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Default Algae Problems

Hello Brian...

The best way to deal with algae problems is to remove the food source. Algae is a primitive plant and takes its time digesting dissolved food in the water.

If you feed your fish and plants too much, then there's unused food that dissolves in the tank water and creates a perfect environment for all kinds of algae.

I would gradually reduce the amount you feed. You want to get to the point where you only feed fish and plants a couple of times a week. As for the fish, just feed a little frozen a couple of times a week and just what will be eaten in a minute or two.

Large, weekly water changes will help a lot. Just remove and replace half the tank water every week. The changes will remove extra dissolved nutrients.

This process takes a couple of months, but if the food is removed the algae will slowly shrink.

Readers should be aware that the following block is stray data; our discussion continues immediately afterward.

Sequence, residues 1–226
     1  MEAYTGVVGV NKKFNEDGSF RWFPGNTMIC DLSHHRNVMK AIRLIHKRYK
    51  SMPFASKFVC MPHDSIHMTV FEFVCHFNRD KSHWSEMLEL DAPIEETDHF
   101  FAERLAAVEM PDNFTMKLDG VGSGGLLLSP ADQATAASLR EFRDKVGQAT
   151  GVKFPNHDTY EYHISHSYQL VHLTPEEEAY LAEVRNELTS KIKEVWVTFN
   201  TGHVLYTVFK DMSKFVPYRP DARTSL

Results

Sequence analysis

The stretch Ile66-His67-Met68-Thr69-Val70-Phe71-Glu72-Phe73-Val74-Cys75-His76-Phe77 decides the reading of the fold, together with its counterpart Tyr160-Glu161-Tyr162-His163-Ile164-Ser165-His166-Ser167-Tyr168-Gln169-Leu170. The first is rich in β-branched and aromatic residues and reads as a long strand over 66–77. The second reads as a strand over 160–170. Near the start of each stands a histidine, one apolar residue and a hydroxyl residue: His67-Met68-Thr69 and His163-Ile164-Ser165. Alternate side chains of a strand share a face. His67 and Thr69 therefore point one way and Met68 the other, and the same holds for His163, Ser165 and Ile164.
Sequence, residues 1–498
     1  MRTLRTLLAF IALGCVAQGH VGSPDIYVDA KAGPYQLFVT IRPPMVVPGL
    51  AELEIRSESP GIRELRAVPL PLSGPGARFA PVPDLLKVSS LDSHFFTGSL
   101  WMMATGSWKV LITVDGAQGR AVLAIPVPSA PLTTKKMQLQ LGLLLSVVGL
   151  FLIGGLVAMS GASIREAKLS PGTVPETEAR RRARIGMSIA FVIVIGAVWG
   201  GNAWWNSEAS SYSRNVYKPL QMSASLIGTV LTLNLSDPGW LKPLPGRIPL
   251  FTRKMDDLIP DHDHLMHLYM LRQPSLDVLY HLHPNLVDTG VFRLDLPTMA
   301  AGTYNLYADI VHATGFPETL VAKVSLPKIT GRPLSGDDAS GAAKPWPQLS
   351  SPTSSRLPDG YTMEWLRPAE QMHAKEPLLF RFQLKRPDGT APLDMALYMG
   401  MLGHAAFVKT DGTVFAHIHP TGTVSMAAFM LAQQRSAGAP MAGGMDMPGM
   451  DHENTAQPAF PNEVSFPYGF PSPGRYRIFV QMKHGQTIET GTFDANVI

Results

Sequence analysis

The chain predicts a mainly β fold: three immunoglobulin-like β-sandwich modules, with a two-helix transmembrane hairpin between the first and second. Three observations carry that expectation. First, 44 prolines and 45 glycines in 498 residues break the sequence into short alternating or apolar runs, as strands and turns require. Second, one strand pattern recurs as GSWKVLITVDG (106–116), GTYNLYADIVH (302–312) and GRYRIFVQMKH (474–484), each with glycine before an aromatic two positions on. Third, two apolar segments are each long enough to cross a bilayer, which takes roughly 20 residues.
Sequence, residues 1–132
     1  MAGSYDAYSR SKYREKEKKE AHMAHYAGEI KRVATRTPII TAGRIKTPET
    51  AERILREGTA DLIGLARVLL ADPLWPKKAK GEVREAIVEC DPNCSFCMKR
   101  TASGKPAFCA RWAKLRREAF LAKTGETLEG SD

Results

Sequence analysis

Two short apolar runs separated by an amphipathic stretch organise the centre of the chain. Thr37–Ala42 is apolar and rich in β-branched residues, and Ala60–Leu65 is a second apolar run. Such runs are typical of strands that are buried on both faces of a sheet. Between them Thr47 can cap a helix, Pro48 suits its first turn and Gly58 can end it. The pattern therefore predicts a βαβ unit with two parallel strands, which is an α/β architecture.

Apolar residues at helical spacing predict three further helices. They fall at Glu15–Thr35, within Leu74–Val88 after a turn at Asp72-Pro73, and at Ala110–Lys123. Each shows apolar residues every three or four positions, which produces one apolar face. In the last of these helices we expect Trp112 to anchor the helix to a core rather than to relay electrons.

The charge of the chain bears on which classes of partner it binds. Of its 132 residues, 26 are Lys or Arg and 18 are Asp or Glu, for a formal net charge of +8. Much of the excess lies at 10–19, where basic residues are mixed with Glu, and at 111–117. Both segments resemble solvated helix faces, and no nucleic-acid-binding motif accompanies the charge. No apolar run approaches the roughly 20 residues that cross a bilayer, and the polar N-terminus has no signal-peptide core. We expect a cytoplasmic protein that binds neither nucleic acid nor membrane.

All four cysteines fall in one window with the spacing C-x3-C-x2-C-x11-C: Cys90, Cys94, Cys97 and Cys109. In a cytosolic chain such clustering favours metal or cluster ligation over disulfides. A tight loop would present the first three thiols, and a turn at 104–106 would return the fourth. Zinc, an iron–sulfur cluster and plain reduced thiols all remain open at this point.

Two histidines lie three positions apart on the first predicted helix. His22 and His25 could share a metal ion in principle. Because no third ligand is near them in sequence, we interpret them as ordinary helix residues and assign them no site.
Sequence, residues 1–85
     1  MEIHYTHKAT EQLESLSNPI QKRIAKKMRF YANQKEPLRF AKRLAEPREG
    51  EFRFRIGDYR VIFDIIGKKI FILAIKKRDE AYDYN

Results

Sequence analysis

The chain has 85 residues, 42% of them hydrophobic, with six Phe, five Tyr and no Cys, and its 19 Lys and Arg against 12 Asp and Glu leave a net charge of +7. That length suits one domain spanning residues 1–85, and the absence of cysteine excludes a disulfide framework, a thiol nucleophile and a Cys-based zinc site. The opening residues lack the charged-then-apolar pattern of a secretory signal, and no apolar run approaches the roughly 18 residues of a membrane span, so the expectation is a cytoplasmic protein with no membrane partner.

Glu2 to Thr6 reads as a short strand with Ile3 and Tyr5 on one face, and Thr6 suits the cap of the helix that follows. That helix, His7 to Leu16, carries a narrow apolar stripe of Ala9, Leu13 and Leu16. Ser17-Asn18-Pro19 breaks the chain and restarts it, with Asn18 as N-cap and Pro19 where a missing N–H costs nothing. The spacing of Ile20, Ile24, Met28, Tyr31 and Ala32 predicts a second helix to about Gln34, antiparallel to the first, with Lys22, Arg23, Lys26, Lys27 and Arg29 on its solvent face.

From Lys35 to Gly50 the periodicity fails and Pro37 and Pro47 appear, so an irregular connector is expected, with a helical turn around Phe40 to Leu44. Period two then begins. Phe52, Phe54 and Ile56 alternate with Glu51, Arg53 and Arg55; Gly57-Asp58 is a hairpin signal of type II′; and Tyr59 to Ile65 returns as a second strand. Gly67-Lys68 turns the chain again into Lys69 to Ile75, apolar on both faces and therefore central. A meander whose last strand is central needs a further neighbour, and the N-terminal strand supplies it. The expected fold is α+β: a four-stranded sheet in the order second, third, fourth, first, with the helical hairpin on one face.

I went through this several years ago when my tanks were new and removing the food and adding some "Ramshorn" snails worked great. The snails can breed pretty quickly, but again, if you don't feed too much, the snails don't get to be a problem.

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Old 10-15-2012, 02:58 PM   #3
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If that's all the fish you have in the tank then you don't need to worry about their feeding as they can't put out enough waste to do anything to this tank.